What is left of press freedom in Morocco? The first six months of 2008 have been marked by an avalanche of trials and repressive judicial and administrative decisions. At the same time, promises by Prime Minister Abbas El Fassi’s government to reform the press law have still not materialised. No bill has yet been submitted to the chamber of deputies.
“We are very worried by the deterioration in the press freedom situation in Morocco,” Reporters Without Borders said. “The mistrust that journalists feel towards the government has been reinforced by an increase in the number of prosecutions brought against them and the many other obstacles they have to face.”
Journalists were stunned when reporter Mostapha Hurmatallah of the weekly “Al Watan Al An” was returned to Casablanca’s Okacha prison on 19 February to finish the seven-month sentence he was given in 2007 for publishing the content of an intelligence agency memo. It made them aware of the danger they were all in.
Moroccan journalists have always had to worry about their safety. They now know they can go to prison if what they report challenges the official version. Hurmatallah’s editor, Abderrahim Ariri, got a suspended prison sentence but the eight army officers who allegedly leaked information to Hurmatallah were given long jail terms that have been seen as a warning to all who cooperate with the media.
Before being sent back to prison, Hurmatallah told Reporters Without Borders that his first spell of 56 days behind bars had left him with a “bitter taste” although conditions in prison had been relatively acceptable. “When I set about becoming a journalist, I never imagined that I might end up in prison because of what I wrote. This has been a brutal experience. I was very moved by all the campaigning on my behalf in Morocco and abroad, but prison is prison.”
There was no response to the request for a pardon that his family sent to King Mohammed and now he is due to be freed in July on completion of his sentence. However, on 18 March, the King did pardon blogger Fouad Mourtada, who had been sentenced to three years in prison for creating a spoof entry on the social networking website Facebook in the name of the king’s brother – a case which, despite the pardon, has traumatised the Moroccan blogosphere.
The courts rarely rule in favour of journalists, who increasingly doubt the judicial system’s independence. In March, the editor of the Arabic-language daily “Al-Massae”, Rachid Nini, was sentenced to pay six million dirhams (approx. 550,000 euros) in damages and a fine of 120,000 dirhams (approx. 11,000 euros) in a lawsuit brought by four judges. No court had ever ordered such a high damages award before. The case is due to be heard by an appeal court soon.
“Al-Massae” photographer Karim Selmaoui was questioned by members of the national department of criminal investigation in Casablanca for more than two hours on 16 June about a photo in the newspaper’s 28 May issue of a woman being manhandled by police during a demonstration. The police superintendent who appeared in the photo received threats after it was published.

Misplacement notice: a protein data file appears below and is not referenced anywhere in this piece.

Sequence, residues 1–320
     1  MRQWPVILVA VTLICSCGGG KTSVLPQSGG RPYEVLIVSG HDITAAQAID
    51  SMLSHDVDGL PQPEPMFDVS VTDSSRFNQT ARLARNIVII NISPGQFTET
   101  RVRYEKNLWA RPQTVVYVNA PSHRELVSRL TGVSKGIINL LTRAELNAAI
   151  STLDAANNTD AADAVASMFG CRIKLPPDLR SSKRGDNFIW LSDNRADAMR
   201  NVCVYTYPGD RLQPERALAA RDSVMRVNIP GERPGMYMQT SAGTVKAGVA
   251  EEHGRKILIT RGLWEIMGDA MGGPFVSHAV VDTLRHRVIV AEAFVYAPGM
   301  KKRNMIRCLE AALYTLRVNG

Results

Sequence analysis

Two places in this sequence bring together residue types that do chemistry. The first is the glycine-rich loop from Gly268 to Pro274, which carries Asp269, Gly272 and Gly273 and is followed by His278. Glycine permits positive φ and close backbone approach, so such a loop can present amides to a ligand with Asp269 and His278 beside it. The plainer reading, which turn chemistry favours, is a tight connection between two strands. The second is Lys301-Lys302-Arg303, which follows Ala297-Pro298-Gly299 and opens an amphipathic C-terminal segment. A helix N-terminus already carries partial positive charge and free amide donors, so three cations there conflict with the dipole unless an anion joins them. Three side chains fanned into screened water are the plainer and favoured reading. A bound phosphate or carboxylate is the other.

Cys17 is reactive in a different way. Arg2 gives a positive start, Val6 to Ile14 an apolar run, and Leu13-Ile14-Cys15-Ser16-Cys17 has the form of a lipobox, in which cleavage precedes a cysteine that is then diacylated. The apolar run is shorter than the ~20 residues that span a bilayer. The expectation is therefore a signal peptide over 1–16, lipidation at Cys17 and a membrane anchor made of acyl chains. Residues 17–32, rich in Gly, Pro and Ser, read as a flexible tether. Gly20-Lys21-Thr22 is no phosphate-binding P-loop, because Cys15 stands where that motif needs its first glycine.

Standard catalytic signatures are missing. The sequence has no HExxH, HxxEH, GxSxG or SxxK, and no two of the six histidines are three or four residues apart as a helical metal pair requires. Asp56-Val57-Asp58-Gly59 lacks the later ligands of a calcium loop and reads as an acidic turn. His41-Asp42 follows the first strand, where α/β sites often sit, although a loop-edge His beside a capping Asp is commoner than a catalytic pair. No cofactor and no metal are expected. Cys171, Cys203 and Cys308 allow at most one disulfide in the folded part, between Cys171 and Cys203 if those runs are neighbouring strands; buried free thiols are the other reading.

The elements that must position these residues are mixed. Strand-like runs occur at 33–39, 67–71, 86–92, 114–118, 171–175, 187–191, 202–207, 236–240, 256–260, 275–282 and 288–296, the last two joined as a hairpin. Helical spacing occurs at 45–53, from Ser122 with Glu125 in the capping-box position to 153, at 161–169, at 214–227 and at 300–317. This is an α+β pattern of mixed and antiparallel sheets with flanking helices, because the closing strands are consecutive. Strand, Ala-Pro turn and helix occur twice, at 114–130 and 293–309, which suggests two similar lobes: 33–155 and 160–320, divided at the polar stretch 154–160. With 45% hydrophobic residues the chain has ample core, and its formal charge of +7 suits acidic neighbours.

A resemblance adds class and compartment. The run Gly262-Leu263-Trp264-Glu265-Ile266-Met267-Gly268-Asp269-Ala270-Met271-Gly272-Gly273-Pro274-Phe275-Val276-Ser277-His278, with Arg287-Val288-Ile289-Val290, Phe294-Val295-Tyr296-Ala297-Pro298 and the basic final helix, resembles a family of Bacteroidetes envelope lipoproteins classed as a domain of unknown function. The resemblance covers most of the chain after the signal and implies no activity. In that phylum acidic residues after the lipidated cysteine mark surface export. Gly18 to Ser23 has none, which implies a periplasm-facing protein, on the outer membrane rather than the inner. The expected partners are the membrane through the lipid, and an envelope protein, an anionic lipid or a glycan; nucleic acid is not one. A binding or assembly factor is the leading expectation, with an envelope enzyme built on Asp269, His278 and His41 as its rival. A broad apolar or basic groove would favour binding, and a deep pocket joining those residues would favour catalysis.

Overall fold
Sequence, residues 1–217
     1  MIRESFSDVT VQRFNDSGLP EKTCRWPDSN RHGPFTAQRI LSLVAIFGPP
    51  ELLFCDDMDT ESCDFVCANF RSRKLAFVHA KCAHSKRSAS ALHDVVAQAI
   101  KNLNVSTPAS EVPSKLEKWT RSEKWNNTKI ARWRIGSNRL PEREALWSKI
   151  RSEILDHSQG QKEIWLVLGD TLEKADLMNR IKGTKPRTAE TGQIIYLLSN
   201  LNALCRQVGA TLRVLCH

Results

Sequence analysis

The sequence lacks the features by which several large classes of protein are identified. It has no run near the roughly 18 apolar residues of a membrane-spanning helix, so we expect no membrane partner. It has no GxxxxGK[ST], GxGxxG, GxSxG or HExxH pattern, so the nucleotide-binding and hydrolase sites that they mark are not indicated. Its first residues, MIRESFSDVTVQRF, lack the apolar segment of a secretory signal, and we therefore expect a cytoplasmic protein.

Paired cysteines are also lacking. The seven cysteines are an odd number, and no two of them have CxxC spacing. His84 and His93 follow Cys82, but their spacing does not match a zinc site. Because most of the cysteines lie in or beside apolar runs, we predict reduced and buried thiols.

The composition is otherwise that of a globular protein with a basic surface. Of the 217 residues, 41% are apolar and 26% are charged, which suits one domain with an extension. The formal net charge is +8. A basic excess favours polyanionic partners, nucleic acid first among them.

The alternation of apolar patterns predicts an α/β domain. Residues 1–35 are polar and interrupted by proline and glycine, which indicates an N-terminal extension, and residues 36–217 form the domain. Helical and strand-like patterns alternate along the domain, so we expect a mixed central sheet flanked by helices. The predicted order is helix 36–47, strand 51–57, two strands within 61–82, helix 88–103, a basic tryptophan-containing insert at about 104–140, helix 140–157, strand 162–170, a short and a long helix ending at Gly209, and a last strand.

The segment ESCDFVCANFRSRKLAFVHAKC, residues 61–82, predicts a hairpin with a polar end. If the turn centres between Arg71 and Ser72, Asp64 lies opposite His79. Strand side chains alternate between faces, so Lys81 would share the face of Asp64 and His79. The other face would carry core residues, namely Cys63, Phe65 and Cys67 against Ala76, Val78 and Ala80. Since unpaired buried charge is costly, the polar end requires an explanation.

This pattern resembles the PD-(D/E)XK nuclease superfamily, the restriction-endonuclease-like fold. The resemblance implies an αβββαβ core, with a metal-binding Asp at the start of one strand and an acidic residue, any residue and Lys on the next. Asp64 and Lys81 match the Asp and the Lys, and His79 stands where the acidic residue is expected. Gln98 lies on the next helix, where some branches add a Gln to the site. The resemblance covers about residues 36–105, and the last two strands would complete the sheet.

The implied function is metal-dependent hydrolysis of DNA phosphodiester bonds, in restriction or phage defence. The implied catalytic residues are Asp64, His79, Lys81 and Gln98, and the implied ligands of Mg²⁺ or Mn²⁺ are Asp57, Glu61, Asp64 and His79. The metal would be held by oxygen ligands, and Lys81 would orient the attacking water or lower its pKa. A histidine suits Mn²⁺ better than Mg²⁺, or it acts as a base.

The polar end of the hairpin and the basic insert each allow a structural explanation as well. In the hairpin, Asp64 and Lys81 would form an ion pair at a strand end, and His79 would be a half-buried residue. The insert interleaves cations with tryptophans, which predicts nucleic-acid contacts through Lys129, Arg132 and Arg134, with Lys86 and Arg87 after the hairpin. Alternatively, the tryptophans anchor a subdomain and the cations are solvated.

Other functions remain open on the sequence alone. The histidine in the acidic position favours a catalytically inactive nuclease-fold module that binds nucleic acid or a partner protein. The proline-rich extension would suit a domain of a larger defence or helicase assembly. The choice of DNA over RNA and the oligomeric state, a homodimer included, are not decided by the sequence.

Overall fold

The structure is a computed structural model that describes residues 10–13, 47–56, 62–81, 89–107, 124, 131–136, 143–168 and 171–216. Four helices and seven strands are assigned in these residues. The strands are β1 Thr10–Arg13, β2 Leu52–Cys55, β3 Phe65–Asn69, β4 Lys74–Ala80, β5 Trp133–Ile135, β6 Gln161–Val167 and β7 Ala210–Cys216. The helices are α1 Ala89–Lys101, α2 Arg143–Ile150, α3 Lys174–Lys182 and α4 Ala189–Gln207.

Selmaoui told Reporters Without Borders he was interrogated about the circumstances in which he took the photo and how it came to be published in the foreign press. He was also questioned at length about his former work relationship with the French weekly “Le Journal”, especially as regards to the photos it used for its stories about the Moroccan government. “One can live without the press, but one cannot live without being safe,” one of the policemen told him.
Just as the trial of “Al Watan Al An”‘s editor and reporter caused a stir in 2007, the high-profile trial of Hassan Rachidi, Rabat bureau chief of the Qatar-based satellite TV station Al-Jazeera will start in July. He was charged him with “publishing false information” on 13 June because, according to the government, he deliberately omitted any reference to a government denial about the toll of dead and wounded in recent clashes in the southern city of Sidi Ifni.
The authorities seem to have no doubt about his guilt, as his press accreditation was withdrawn immediately after the charges were announced. In May, the government withdrew Al-Jazeera’s licence to broadcast directly by satellite from Morocco. This meant that its staff had to stop producing a daily news programme about the Maghreb countries which it had been broadcasting live from its Rabat studio. Rachidi will face a possible one-year prison sentence when his trial starts on 1 July.
Another current case concerns a request by Ahmed Herzenni, the president of the Consultative Council for Human Rights (CCDH), for a summary ruling to stop the Arabic-language daily “Al Jarida Al Oula” from continuing the series of previously unpublished interviews it began on 9 June. Senior Moroccan officials gave the interviews to Fairness and Reconciliation (IER), an entity that was dissolved in 2007 and replaced by the CCDH, and Herzenni insists they are confidential government documents. He is to argue his case in court on 18 June.
The trial of Ahmed Reda Benchemsi, the publisher of the weeklies “Tel Quel” and “Nichane”, is also due to resume in Casablanca on 3 September. He faces up to five years in prison for “disrespect for the king” under article 41 of the press law.
When a Reporters Without Borders delegation met with government spokesman and communications minister Khalid Naciri on 30 April in Rabat, he expressed a desire to introduce a new press law that would be “advanced” and “based on consensus.” According to Naciri, the proposed new law is still being discussed.